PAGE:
At the end of every session there are always a handful of so called “extras”—individuals who have indicated to the receptionists that their problem is urgent, requiring an immediate appointment. The evening's session had been unusually tough, and I was late. I sensed my questions becoming perceptibly more direct.


This middle aged man clasping his electronic organiser complained of a sore throat, a complaint that had recurred twice over the past two weeks. He had some aphthous-looking ulcers on his palate but no exudates on his tonsils and no fever. Unfortunately his notes were missing—mislaid or misfiled—and the computer record blank. It was not a good basis from which to start a negotiation, and someone had conditioned him that “sore throat equals antibiotics,” added to which he had already waited half an hour. A case of “Tuesday night phenoxymethylpenicillin” and a missed opportunity to modify behaviour.33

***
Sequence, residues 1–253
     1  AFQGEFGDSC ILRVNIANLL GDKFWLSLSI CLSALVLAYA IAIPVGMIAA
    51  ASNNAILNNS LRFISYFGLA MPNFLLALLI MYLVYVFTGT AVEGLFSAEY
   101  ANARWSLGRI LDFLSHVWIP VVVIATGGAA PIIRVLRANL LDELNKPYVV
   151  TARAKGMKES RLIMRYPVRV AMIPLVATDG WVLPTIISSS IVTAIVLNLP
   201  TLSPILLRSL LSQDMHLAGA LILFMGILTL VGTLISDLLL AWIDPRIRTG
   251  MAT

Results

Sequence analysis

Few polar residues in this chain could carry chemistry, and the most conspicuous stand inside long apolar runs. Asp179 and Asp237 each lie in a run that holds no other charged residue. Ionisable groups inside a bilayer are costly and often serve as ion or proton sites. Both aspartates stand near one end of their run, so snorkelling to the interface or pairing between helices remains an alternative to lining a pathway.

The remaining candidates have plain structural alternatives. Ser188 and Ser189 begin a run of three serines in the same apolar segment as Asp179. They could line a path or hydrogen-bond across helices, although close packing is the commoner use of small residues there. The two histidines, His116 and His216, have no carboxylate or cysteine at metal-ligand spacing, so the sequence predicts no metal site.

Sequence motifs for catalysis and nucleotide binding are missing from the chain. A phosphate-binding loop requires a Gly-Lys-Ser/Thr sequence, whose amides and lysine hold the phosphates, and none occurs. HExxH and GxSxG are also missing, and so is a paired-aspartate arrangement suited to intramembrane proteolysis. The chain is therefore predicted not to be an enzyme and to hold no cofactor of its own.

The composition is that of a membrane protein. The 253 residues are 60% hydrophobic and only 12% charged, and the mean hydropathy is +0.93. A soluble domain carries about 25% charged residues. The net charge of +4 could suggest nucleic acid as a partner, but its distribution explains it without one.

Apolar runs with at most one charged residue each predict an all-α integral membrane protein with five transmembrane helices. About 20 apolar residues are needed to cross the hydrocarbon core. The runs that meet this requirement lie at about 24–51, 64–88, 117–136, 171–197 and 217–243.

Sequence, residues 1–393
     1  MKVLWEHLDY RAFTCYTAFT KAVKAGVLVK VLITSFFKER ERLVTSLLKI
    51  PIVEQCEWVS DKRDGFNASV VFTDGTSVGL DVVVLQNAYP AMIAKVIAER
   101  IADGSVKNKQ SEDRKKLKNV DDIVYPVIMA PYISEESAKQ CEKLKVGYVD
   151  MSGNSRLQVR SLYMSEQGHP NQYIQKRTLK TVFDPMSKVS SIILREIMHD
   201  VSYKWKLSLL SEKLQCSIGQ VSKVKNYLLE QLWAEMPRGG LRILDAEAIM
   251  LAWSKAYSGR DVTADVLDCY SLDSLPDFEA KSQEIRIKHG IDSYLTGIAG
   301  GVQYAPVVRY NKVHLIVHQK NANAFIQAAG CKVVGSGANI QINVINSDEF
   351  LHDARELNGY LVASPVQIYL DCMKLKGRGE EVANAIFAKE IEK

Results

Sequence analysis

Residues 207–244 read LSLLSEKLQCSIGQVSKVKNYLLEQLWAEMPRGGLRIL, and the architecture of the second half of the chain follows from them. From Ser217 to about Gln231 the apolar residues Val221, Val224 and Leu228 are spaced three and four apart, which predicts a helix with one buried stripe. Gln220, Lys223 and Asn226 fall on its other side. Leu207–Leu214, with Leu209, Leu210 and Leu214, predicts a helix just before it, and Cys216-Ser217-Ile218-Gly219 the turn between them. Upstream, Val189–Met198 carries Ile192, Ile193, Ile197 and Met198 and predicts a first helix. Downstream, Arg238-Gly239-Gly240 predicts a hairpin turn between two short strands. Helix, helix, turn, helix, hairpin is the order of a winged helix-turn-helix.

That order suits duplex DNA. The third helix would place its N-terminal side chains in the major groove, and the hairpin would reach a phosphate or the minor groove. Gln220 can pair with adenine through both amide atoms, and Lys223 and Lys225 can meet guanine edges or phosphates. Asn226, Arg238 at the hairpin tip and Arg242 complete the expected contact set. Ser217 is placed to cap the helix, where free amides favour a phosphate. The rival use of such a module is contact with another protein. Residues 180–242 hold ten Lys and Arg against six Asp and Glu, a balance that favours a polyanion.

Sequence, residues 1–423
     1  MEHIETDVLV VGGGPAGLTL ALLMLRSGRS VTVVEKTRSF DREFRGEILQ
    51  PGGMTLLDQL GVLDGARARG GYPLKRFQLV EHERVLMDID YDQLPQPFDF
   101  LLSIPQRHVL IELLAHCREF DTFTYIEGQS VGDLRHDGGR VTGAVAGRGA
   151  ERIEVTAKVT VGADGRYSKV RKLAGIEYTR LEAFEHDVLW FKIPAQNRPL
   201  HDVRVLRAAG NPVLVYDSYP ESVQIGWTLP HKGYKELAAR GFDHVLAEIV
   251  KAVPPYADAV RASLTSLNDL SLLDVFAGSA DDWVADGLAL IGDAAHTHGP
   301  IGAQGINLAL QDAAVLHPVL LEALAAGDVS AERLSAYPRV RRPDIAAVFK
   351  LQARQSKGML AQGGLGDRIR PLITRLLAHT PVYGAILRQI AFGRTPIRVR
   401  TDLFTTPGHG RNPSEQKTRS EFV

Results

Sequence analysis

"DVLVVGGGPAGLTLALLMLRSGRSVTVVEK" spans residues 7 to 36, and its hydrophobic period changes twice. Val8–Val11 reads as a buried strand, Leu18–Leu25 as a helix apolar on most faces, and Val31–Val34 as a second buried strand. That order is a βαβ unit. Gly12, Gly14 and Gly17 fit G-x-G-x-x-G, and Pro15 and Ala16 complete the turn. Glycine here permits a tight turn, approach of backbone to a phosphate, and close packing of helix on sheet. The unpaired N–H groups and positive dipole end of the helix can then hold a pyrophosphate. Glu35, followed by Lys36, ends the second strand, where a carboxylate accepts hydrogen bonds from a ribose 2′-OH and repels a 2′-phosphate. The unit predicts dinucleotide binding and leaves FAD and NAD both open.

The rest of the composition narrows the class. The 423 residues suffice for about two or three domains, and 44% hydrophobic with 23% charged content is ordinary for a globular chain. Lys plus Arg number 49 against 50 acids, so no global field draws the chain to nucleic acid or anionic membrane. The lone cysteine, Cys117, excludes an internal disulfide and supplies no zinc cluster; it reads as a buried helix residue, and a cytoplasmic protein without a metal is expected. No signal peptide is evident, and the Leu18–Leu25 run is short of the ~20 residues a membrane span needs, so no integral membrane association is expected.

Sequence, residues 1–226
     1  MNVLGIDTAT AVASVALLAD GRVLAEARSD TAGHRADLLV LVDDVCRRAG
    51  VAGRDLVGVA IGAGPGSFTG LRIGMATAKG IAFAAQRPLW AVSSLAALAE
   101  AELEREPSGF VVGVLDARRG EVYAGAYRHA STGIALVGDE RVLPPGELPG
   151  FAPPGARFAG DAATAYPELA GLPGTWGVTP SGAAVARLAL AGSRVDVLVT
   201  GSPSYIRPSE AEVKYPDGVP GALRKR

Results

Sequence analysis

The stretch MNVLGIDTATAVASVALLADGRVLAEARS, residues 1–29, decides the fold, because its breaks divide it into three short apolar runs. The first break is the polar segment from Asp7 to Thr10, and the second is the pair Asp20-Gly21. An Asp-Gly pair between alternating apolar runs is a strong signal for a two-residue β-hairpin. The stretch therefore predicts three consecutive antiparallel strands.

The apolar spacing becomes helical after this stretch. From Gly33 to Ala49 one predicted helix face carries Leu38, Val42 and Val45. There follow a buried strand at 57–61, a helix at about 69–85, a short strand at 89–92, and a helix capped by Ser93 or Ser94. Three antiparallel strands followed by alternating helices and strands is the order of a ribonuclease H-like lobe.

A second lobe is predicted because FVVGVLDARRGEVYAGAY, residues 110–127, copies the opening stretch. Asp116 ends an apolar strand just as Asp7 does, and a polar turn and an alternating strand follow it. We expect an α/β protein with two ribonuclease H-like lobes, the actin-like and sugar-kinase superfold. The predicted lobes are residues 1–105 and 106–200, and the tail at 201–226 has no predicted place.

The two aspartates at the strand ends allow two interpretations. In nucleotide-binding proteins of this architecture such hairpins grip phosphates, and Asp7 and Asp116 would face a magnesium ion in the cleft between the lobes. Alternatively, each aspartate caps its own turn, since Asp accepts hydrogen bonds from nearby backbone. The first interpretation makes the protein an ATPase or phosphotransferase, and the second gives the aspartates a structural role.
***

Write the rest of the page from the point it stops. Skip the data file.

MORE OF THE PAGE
Karen had boils on her face and glands under her chin that needed attention. Why these boils should keep recurring was the main concern. They were more than likely to do with her daily distress.34 Her mother had died of breast cancer at the age of 51 two years earlier. Karen and her husband had fractured many limbs six months earlier in a car accident. She had been recently relieved to hear that, according to the needle biopsy, a breast lump had been declared innocent. She was submitting to a wave of repressed anxiety. I dared not mention the concept of false negatives. Turning the door handle she remarked, “I'm falling apart,” and added, “If you ask me, I need shooting.” What was it the receptionist said when she brought in my tea? “Only a few extras tonight.”